As a former board member at The Powerhouse Science Center, Hughes thought the local nonprofit would make the perfect partner for collaboration on bringing the moon trees and Roosa’s legacy to Durango. Upon hearing about the moon trees, Powerhouse Interim Executive Director Jeff Susor was immediately on board. “The anniversary of Commander Roosa’s mission corresponds with such an amazing moment in our country’s space program,” he said. Not only does it coincide with the return crewed space flight in May but the mission of the Perseverance Rover that is en route to Mars right now as well as the expected launch of the James Webb Space Telescope next year.

“The local moon tree connection was a great chance to bring local relevance and hopefully inspire our neighbors to join us in dreaming of the stars,” Susor said.

An American sycamore will be the first moon tree (or “half-moon tree,” as these second-generation trees are affectionately called) planted in Durango. The event will be on the Powerhouse grounds at 11 a.m., Sat., Sept. 12.  This event will launch (pun intended) a monthly virtual, space-themed lecture series hosted by the Science Center in celebration of the 50th anniversary of the Apollo 14 Moon mission. For the next nine months, The Powerhouse will host online speakers from all areas of aeronautical expertise and experience. The lecture series begins at 4:30 p.m. Sun., Sept. 13, with speaker Rosemary Roosa. The Powerhouse is offering all recorded lectures as a resource for teachers who wish to utilize them in their classrooms. “We want to introduce students to astronauts, engineers, astronomers and people who can share personal stories from the golden age of space flight, even if they don’t have a chance to visit The Powerhouse this school year,” Susor said.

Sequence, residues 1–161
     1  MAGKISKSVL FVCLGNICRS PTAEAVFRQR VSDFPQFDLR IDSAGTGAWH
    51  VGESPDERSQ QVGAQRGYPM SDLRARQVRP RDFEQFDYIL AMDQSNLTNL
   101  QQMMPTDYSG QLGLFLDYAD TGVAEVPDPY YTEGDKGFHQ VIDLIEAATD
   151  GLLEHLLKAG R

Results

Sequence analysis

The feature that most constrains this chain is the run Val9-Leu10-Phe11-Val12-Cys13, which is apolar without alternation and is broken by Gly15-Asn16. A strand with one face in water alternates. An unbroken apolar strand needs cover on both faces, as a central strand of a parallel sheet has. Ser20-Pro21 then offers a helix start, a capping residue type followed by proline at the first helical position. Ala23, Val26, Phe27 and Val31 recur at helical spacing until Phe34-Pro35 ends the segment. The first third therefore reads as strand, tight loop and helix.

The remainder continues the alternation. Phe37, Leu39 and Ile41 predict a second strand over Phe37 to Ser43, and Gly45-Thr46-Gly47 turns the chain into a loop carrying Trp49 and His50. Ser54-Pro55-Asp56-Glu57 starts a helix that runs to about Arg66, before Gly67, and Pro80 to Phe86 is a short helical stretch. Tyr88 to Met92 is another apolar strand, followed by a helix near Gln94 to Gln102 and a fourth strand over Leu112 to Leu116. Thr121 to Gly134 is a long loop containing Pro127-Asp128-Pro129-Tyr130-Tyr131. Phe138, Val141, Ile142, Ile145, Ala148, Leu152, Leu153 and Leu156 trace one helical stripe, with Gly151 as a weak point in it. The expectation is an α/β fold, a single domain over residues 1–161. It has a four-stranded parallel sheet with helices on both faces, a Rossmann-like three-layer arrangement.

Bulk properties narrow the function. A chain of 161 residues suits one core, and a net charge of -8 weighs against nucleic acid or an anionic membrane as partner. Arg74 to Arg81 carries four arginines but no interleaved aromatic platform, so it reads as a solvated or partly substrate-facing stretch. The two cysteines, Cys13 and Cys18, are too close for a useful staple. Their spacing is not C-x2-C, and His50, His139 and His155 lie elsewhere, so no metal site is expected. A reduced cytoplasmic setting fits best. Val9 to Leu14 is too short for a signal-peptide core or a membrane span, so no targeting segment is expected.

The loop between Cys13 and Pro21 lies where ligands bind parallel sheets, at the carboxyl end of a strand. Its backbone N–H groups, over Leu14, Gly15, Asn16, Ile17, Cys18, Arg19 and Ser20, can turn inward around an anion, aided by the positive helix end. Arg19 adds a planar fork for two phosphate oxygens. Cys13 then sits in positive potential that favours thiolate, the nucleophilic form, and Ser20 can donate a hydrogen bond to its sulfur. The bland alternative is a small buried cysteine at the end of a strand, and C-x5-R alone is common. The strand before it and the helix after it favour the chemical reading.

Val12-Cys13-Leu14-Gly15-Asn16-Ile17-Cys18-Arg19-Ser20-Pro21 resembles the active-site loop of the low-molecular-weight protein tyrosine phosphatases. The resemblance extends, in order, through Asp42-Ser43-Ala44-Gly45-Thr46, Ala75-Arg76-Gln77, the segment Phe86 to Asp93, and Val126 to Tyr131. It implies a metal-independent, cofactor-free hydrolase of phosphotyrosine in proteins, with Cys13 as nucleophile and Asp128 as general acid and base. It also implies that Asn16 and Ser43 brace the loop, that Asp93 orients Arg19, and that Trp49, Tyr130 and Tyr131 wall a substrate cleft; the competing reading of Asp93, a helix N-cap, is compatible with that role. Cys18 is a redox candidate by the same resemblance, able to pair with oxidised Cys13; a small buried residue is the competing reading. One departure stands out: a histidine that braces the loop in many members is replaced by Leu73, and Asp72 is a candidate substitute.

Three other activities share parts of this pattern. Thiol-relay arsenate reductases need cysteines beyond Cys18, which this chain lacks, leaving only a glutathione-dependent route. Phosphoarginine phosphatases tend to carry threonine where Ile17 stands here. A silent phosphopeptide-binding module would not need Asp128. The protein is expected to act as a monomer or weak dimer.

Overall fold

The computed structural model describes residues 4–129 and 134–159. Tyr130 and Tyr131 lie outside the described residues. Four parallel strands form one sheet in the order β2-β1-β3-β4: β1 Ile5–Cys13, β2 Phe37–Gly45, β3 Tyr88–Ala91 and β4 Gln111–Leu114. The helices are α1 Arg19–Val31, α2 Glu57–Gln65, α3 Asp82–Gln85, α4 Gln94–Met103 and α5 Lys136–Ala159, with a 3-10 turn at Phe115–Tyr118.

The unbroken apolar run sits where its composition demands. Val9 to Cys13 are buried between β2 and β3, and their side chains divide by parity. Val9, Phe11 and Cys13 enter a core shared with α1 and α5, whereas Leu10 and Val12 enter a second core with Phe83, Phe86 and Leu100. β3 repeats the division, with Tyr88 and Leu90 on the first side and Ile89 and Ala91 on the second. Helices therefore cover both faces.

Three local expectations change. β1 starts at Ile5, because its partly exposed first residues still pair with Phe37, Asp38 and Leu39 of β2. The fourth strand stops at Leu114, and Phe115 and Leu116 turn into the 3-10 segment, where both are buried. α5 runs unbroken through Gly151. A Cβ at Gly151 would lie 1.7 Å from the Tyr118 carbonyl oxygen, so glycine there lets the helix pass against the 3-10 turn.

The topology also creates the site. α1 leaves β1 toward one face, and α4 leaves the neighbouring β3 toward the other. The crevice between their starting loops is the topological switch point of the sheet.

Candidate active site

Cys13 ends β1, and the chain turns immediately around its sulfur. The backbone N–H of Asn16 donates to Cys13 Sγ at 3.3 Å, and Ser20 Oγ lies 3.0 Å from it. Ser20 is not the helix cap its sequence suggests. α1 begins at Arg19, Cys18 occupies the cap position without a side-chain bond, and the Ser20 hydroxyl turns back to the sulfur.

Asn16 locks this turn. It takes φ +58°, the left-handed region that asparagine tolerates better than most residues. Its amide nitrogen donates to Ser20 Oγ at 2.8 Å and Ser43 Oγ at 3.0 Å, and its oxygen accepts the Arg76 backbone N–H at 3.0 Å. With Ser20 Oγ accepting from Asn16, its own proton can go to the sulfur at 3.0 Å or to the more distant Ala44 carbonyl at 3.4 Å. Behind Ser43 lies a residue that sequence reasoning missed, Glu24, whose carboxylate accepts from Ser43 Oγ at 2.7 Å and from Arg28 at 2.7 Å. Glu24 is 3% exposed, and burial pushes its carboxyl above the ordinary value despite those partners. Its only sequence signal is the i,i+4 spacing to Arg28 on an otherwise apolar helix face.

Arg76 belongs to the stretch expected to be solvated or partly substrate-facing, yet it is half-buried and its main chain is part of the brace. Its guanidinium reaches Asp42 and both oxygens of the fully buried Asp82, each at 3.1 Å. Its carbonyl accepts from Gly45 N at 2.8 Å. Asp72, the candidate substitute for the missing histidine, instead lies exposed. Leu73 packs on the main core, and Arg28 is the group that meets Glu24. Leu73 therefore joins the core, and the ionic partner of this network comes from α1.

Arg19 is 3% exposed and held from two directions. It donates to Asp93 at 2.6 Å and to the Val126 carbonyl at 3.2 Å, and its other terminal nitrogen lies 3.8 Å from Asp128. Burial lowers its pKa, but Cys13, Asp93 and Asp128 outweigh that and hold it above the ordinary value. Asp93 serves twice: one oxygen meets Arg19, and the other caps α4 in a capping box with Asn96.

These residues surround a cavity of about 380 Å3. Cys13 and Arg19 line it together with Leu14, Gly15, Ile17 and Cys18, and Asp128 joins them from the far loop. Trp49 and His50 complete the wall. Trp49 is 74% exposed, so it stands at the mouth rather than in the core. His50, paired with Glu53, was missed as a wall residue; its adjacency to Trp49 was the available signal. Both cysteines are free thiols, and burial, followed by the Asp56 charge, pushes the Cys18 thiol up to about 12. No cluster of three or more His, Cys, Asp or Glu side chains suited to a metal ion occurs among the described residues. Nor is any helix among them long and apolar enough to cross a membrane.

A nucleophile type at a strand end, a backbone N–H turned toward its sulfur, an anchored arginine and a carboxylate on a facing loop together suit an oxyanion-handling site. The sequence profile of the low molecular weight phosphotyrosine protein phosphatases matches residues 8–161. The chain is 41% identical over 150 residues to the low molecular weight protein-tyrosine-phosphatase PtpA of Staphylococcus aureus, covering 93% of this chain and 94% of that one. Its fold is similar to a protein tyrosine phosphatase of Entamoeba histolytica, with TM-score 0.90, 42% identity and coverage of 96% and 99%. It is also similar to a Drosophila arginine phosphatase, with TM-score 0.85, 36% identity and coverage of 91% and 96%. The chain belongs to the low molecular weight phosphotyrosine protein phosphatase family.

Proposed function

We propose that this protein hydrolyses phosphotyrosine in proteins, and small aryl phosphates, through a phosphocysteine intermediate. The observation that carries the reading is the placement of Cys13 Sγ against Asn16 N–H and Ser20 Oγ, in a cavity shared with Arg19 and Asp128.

A second half-moon tree is scheduled for planting in memory of Stuart Roosa on Earth Day 2021 in Roosa Park. This event will be hosted by Chris and Alex and will be attended by Rosemary Roosa, who remembers clearly the day her father blasted off into space. “Witnessing the Saturn V launch was a feast for the senses,” Roosa, who was 7 at the time, recalled.  “We were 2 miles away from a rocket taller than the Statue of Liberty. I remember seeing the flames and the ground shake as if there was an earthquake. It was very exciting knowing my dad was in there.”

The community is invited to view The Powerhouse’s Sept. 12 planting event through the science center’s Facebook page or attend the event “live” in the Carver Brewing Plaza. n

To the moon and back

Roosa suiting up on flight day, Jan. 31, 1971./Photo courtesy Rosemary Roosa